Economics – According to Your Genes


Genoeconomics is an interdisciplinary field, combining molecular genetics and economics. It’s based on the idea that economic indicators have a genetic basis. So your financial behaviour can be traced back to your DNA, which is predictive of your (financial) behaviour. Key preferences that genoeconomic research should be able to predict would be time preference, risk aversion, and educational attainment (Fletcher, 2018). Both time preference and risk aversion can be predicted in neuroscience studies, looking at the BOLD-levels of various parts in the brain, and how they react to being presented with several choices of risk, or delay. However, education attainment, and also more macro level behaviours such as per capita income (Callaway, 2012) are slightly more difficult to defend. Although genoeconomic research in 2013 did find that two-fifths of the variance of educational attainment is explained by genetic factors (Rietveld, et al, 2013), it is difficult to see how these links would be made.




It should be mentioned that genetics isn’t new to economics. This can be seen in the use of identical twins to control for genetic background when exploring associations between educational attainment and wages (Taubman, 1976). Similar ideas have been used when exploring sibling differences as a way to control for family background factors (Fletcher, 2010, 2011a, 2014). So it’s hardly new. With regards to its applications, there have been several applications of genoeconomic methodologies to study several different phenomena. A 2012 study of tobacco taxes in the United States looked at the interaction of a single nicotinic receptor and state-level tobacco taxes to predict tobacco use, and found evidence of interaction (Fletcher, 2012). Cook and Fletcher (2015b) used three genetic variants to create a “neuroplasticity score,” showing that this score interacted with birth weight to predict adult IQ and wages using a sibling-difference design (this is known as the genetic lottery approach). Cook and Fletcher (2015a) argued that the APOE gene variant, which increases the risk for cognitive decline in later life, is unknown at the time of educational decisions. So they again used a sibling-difference design to estimate the interactive effects of educational attainment and the genetic variant in predicting cognition in later life and showed evidence that education can “rescue” genetic vulnerabilities. Thompson (2014) used a sibling-difference design to explore interactions between family income and genetic liabilities to predict educational attainments. Albert et al. (2015) showed evidence of interaction between an educational randomized controlled trial (RCT) and a genetic variant in predicting externalizing behaviours. With these small, but significant findings, a small body of research has even looked into integrating genoeconomic findings into structural economic models. Biroli (2015) extended a standard health production function model to allow measured genetic variants to affect both the health production function technology and individual preferences related to the incentives for health investment faced by individuals. Biroli found some evidence that genetic variants related to weight (FTO) change both the production function of body mass index and the level of health investment. Now this will have implications for the model, and as a result, how certain factors should be weighed. Issue is, however, that a lot more work is needed, as many single genetic variants have very weak effects on outcomes of interest. And this is true for a lot of genoeconomics. So there is plenty of application within this field. My question is just becoming, what do you do with it?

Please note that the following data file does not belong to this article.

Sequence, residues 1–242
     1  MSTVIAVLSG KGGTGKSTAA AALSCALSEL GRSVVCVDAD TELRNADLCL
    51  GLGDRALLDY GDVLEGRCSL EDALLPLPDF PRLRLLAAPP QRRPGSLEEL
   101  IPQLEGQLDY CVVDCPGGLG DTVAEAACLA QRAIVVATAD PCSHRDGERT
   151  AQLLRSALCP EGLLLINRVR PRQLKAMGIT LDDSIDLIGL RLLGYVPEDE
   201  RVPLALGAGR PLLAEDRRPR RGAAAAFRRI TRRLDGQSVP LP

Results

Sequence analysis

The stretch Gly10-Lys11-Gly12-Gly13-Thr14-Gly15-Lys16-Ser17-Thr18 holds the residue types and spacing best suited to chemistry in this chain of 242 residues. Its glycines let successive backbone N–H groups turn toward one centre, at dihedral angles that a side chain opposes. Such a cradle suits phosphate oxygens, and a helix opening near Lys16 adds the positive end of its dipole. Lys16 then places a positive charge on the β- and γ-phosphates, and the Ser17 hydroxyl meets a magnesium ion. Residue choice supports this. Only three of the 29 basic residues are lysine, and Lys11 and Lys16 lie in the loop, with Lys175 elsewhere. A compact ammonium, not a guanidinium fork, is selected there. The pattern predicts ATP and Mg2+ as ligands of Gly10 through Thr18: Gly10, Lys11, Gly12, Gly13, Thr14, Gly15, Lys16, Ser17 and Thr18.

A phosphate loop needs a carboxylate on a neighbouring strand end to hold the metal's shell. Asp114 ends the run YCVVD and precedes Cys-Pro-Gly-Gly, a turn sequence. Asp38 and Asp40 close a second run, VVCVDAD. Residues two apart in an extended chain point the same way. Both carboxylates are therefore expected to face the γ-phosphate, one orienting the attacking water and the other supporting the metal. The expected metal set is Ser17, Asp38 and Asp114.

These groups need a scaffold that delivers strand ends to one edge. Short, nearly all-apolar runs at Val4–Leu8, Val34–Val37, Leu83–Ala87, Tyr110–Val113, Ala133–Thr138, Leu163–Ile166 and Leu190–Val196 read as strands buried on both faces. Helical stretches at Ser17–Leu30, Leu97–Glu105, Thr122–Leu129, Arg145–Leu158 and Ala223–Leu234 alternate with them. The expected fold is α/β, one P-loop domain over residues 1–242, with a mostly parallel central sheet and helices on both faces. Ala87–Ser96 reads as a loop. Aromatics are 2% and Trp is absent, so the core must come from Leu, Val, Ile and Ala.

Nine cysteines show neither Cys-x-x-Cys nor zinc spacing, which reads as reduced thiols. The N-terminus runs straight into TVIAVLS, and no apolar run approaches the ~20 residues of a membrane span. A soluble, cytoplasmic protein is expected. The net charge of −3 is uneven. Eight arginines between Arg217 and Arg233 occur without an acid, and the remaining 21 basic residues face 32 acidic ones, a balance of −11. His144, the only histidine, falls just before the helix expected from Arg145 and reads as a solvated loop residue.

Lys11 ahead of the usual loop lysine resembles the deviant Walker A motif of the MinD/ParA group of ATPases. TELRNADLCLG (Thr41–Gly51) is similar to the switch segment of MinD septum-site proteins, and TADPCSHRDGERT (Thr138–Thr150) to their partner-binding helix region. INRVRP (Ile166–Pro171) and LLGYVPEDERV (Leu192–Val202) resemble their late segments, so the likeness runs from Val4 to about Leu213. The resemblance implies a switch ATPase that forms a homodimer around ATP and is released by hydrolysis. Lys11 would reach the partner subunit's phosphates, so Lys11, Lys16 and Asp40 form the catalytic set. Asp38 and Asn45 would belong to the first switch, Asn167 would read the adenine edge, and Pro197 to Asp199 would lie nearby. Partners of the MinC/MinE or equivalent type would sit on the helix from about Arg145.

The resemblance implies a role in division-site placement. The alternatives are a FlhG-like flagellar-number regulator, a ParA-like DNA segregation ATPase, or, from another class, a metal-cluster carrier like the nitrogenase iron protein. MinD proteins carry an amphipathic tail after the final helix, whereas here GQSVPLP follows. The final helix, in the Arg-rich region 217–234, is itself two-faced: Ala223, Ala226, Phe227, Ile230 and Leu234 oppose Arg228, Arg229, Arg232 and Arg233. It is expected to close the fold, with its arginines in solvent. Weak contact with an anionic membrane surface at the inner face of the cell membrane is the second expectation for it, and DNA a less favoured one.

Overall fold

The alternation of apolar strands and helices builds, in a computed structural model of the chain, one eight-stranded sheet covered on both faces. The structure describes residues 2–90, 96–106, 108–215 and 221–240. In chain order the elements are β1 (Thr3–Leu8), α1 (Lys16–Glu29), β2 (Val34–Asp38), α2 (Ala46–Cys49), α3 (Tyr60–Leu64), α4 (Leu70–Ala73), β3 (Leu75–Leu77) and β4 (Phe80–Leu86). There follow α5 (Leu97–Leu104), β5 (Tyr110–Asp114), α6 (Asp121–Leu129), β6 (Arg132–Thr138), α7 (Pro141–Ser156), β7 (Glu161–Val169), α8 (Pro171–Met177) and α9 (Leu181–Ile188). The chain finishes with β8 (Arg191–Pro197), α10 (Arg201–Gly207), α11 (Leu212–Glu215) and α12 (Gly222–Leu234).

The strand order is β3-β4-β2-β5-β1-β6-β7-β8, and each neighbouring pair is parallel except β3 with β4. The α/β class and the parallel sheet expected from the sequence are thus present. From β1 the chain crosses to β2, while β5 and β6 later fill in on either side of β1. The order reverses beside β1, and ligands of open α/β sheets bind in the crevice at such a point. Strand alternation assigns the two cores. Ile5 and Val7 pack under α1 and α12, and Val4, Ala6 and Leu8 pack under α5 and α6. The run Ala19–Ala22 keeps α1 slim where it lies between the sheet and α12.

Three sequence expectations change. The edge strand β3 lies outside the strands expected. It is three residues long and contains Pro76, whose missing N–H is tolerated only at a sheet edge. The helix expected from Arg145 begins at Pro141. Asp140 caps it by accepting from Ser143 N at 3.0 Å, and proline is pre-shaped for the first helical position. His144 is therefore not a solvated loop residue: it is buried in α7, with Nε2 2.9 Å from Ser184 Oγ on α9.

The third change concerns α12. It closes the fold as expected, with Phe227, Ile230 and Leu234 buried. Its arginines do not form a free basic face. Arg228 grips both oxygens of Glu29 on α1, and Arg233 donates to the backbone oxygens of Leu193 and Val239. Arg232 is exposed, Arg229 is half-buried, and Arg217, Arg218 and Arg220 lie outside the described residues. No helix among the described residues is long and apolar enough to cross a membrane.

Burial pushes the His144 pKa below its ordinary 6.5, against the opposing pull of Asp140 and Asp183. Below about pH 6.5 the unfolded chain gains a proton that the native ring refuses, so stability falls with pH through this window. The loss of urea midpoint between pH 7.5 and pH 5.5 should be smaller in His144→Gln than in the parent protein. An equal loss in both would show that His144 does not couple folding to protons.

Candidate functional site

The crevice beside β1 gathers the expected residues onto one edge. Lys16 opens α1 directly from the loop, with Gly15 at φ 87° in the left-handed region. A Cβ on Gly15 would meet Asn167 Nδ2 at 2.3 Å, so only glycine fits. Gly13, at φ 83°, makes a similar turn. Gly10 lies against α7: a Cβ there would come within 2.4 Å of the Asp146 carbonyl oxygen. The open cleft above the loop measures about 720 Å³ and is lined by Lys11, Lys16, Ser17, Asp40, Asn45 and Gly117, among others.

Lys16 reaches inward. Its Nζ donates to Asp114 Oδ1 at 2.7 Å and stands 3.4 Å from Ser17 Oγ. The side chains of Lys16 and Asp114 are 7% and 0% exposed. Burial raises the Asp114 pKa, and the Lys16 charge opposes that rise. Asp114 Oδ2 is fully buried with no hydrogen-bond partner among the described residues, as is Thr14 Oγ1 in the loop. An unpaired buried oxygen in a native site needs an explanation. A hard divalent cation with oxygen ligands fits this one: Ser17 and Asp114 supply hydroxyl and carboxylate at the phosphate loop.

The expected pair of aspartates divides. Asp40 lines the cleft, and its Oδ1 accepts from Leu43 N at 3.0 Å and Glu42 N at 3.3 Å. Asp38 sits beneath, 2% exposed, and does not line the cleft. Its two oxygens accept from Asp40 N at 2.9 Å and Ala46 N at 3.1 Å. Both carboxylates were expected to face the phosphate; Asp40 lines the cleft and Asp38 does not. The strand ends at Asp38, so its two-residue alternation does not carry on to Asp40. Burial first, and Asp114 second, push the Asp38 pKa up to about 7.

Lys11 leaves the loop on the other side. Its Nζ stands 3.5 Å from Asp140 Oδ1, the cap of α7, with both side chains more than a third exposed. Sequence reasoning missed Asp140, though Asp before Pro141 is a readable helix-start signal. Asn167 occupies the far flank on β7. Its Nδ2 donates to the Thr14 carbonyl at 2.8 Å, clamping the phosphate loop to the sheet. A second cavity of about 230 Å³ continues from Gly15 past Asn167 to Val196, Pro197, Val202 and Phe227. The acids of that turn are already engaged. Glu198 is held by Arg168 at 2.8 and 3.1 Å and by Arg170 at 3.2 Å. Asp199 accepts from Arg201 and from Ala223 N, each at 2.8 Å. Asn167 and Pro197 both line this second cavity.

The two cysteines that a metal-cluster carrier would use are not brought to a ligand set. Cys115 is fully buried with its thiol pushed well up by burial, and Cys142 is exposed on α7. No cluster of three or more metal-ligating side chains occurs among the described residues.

Thankfully, Benjamin et al (2012) asked this question almost 10 years before I did. They first discuss the many promises of genoeconomics, and then move onto its pitfalls. I’m going to do it the other way around. This approach has many, and I do mean many, pitfalls. The most prominent pitfall being that even the most persuasive evidence suggests that true genotype-behaviour associations have tiny effect sizes, so current research designs in the social sciences are underpowered. Another issue lies with the aim of genoeconomics – to uncover a causal effect between genes and economic choices/outcomes. However, so far most methodologies have been correlational in approach. So that’s not really helpful. One reason why the design remains correlational is the amount of confounding factors: the most common concern is confounding from population stratification: different groups within the sample differ in allele frequencies and also differ in their outcome for nongenetic reasons. A very famous example is the “chopsticks effect” (Lander & Schork 1994): where the authors were trying to find the genetic causes of chopstick, and found a significant association for any SNP whose allele frequencies differ appreciably between Asians and non-Asians (I don’t know what that means either…). However, it doesn’t take many braincells to figure out that the reason chopsticks are being used has everything to do with culture, and very little with genetic predisposition. What this shows us that the exclusion of confounds within genoeconomic research still has a long way to go.